How to Enable (or Disable) Motion & Fitness Tracking with iPhone

Apr 5, 2015 - 32 Comments

Health app icon Newer iPhones have the ability to track fitness activity and motion and displaying that data in Health app and other applications. Fitness tracking is done by using a low-power motion coprocessor that determines steps, altitude gain and lost, and distance traveled, and many users like this feature as it represents an easy way to keep an eye on their activity levels, and perhaps work towards that goal of an active 10,000+ steps per day.

Fitness tracking is turned on by default in iOS, which can enable the iPhone to serve as a pedometer of sorts, but if for some reason you want to turn the motion detection feature off on your iPhone, you can do that too.

How to Toggle Fitness & Activity Tracking On or Off with iPhone

If you like the fitness and motion activity tracking feature on the iPhone, you should have this setting left on. Turning this off will empty the Health app dashboard of tracked fitness data as well.

  1. Open the “Settings” app on iPhone and head to “Privacy”
  2. Scroll down and choose “Motion & Fitness”
  3. Toggle the switch next to “Fitness Tracking” to the OFF or ON position as desired
  4. Exit out of Settings, the change will take effect immediately

Toggle fitness and activity tracking on iPhone

If you had this off and turned it on, you’ll still need to enable the appropriate options within Health Dashboard to actually see and monitor your activity data on a meaningful graph.

Tracking activity and steps in iPhone Health app

Keep in mind this disables the tracking feature entirely for all apps on iPhone, not just within Health app. If you turn this off, the pedometer feature and all related fitness activity monitoring functions on iPhone will cease, whether you read that data in Health or a third party app.

Disabling fitness tracking leads to an empty Health app dashboard, but not for erroneous reasons that can be quickly resolved, since the tracking is actually turned off. To reverse that, you’d obviously need to turn the feature back on again, but all fitness data and activity prior to turning tracking back on will not be available.

Personally, I recommend keeping this feature turned on and referring to it. This can serves as an easy reminder to move around more, which is particularly important in our modern era of predominately sedentary desk environments for work.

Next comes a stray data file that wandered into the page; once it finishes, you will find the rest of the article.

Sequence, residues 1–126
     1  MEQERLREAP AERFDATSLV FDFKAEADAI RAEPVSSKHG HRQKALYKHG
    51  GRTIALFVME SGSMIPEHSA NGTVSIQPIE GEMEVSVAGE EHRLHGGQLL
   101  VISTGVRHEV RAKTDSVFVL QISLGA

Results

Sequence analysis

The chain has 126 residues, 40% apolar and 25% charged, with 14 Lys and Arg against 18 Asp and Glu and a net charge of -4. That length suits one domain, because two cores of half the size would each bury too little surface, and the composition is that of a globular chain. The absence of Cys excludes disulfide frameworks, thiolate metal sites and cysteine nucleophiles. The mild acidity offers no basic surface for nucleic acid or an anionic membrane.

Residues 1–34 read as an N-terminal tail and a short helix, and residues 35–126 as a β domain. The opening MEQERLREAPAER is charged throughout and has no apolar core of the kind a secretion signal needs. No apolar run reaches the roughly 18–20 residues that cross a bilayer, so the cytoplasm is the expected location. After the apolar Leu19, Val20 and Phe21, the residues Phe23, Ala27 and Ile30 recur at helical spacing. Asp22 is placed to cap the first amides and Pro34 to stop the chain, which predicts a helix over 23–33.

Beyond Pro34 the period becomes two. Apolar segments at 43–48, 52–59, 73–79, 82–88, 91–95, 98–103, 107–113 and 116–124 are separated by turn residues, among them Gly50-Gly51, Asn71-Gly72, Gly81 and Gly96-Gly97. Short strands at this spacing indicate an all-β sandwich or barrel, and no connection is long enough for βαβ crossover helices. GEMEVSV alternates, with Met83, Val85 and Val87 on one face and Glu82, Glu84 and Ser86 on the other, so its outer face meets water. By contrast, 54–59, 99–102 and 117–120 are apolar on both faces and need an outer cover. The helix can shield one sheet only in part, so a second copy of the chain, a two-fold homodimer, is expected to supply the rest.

Since undoubtedly many are curious about their activity levels, a sports medicine study published on NIH provides the following step counts and the activity level they represent, based on pedometer data:

  • Under 5000 steps per day – “sedentary lifestyle”
  • 5000-7499 steps per day – “low active”
  • 7500-9999 steps per day – “somewhat active”
  • 10,000-12499 steps per day – “active”
  • Over 12500 steps per day – “highly active”

Discovering your own fitness activity levels based on data from your iPhone can be somewhat shocking – either pleasantly or not – and it’s fairly common for many people who don’t think of themselves as sedentary to discover they barely move around throughout the day. If that’s something you want to change, and you probably should, PBS provides some advice on how to slowly increase your activity levels to get there. That an iPhone (or Apple Watch, or both) can help you in that endeavor is a nice bonus.

Do you use your iPhone as a fitness tracker? Let us know your experiences in the comments.


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Posted by: Paul Horowitz in iPhone, Tips & Tricks


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  1. Union says:

    It used to constantly bug me with notifications, so I disabled only the notification and allowed it to run in the background. I look at the number of steps I take in a single day,